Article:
`Victory disease' blinds Americans to possibility of trouble

September 14, 2005|By Steve Chapman

CHICAGO - Americans have always been an optimistic people, with a confidence in our ability to meet any challenge and a sense that we enjoy God's special favor.

That's been a great asset in creating a nation, settling a wild continent, building a boundlessly productive economy and becoming the most powerful country on Earth. It has made possible achievements greater than anything our ancestors could have dreamed a couple of centuries ago.

But it can also be a drawback, as we have learned from the occupation of Iraq and the destruction of New Orleans. Throughout our history, Americans have been brave, resourceful and ingenious, but we have also been lucky. Consequently, we tend to take good fortune as the norm and trust that we will always have it.

We anticipate success, which sometimes blinds us to the possibility of failure. We prefer optimism, which may cause us to discount pessimism, no matter how well-founded it may be.

These tendencies help to explain how we ended up effectively taking over a radically alien country that we knew little about and were not prepared to occupy, much less govern. The Bush administration expected a brief, victorious war and a speedy departure: Defense Secretary Donald H. Rumsfeld said the conflict in Iraq "could last six days, six weeks. I doubt six months." The vice president promised that we would "be greeted as liberators."

Those expectations proved to be grossly mistaken. But it wasn't just the administration that failed to foresee what was coming; outside analysts and the American people also failed to heed the warning signs. How could so many have been so wrong?

"We had the `victory disease,'" says John Mearsheimer, a foreign-policy scholar at the University of Chicago. In 1990, the nation approached the first war in Iraq with great trepidation, because the most recent major U.S. war, in Vietnam, had ended in humiliation and failure. But this time, we were riding high on a series of triumphs - over Saddam Hussein in the first gulf war, the Soviet Union in the Cold War, Slobodan Milosevic in Bosnia and Kosovo and the Taliban in Afghanistan.

The last three victories were especially seductive because they came so quickly and at such a low cost in casualties. Not only that, but we enjoyed unchallenged global military supremacy, giving us the idea we could accomplish anything we chose to do.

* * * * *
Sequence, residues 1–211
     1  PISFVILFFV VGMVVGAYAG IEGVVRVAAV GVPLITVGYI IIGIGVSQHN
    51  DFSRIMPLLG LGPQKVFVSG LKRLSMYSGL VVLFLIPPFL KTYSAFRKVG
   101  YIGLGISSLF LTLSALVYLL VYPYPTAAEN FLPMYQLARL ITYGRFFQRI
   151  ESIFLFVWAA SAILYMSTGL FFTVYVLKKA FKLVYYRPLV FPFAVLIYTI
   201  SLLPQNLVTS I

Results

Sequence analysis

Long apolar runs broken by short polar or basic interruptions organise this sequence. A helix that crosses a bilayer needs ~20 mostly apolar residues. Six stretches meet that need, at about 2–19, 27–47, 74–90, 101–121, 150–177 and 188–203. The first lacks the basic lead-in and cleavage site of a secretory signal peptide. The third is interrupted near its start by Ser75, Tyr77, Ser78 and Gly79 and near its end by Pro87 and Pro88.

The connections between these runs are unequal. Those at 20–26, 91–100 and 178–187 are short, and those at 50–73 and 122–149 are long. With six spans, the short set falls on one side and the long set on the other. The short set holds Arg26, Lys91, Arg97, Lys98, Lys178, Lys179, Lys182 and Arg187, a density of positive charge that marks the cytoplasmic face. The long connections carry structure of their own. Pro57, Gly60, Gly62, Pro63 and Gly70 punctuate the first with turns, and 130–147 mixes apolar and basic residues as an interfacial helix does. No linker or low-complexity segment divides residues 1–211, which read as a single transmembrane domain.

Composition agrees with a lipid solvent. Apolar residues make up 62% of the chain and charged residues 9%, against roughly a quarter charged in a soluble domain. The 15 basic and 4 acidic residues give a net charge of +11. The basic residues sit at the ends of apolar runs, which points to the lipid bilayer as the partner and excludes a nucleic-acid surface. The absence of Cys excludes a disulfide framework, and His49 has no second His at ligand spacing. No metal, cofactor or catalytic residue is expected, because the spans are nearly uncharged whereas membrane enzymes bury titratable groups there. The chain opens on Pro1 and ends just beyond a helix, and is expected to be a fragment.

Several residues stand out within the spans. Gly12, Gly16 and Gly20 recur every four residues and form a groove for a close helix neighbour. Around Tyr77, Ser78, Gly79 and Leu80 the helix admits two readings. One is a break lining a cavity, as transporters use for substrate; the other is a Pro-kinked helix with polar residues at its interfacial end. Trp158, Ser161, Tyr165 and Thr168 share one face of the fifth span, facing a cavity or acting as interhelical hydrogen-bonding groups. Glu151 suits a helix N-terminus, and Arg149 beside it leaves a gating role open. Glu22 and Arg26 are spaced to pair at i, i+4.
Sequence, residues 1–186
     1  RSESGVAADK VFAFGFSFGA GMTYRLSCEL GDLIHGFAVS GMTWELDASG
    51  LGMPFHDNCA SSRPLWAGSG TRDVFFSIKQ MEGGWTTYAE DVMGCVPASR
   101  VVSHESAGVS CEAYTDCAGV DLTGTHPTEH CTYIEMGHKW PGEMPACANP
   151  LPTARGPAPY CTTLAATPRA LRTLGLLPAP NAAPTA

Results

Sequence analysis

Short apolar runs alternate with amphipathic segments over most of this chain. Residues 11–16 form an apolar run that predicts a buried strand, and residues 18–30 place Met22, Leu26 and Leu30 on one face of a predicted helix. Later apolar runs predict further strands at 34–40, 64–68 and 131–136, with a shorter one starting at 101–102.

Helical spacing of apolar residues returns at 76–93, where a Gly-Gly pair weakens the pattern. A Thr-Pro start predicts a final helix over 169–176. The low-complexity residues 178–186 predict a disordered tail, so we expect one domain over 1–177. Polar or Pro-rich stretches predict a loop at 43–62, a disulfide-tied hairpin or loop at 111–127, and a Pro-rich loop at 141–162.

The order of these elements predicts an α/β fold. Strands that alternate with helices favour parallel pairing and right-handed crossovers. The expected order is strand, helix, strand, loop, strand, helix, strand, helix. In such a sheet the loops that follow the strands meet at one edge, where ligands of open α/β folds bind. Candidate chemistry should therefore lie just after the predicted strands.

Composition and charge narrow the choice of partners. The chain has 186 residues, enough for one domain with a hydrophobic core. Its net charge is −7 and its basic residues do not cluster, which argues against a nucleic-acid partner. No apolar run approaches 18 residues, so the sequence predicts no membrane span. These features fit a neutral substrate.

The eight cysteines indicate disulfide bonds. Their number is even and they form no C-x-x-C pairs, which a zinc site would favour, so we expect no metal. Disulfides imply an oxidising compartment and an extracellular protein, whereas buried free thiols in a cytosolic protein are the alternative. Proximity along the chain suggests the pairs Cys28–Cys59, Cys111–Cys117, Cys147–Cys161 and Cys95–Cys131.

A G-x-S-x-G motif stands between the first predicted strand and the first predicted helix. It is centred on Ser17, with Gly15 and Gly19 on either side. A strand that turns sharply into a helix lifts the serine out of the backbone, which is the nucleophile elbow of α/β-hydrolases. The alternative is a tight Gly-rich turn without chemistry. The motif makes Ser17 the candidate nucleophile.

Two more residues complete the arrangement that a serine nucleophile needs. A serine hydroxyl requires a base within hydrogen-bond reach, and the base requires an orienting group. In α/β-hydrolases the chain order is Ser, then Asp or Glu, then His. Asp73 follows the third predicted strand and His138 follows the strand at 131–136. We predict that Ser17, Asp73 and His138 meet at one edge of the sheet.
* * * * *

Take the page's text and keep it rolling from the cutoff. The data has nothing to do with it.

As Mr. Mearsheimer puts it, Americans began "to think we have the Midas touch." The Bush administration didn't plan for a lengthy and difficult counter-insurgency campaign because it couldn't envision anything but a happy outcome.

That same impulse to see the desirable as the inevitable brought us to grief in New Orleans. It was no secret to anyone who was paying attention that the city was terrifyingly vulnerable to the powerful hurricanes that rise up every summer in the Gulf of Mexico.

It sat below sea level, it had lost many of the barrier islands and coastal marshes that once served as a shield, and its levees were too short to protect against the worst storms. It was like a pickup truck stalled on a railroad track, and the only question was when a speeding train would come along to smash it.

Still, people never behaved as though a full-scale natural disaster was certain to come sooner or later. Why not? Because New Orleans had dodged so many bullets that it seemed it would always find a way to escape. At least a dozen major storms have come within 85 miles of the city over the last 120 years, and yet it survived.

In 1965, Hurricane Betsy caused serious flooding and killed 58 people in Louisiana. Four years later, Camille, a Category 5 storm, hit less than 70 miles east of the city. In 1998, some 60 percent of its residents evacuated as Hurricane Georges approached, but it too veered into Mississippi.

Luck, it has been said, is the residue of design. But too much good luck can sap the motivation for good design. It was easier, and much cheaper, to assume that New Orleans would go on living a charmed life than to take action to avert the worst scenarios.

In New Orleans, as in Iraq, it's clear we should have spent more time pondering the possibility that things could go wrong. Optimism is an asset, but sometimes, pessimism can be a better one.

Steve Chapman is a columnist for the Chicago Tribune, a Tribune Publishing newspaper. His column appears Mondays and Wednesdays in The Sun.

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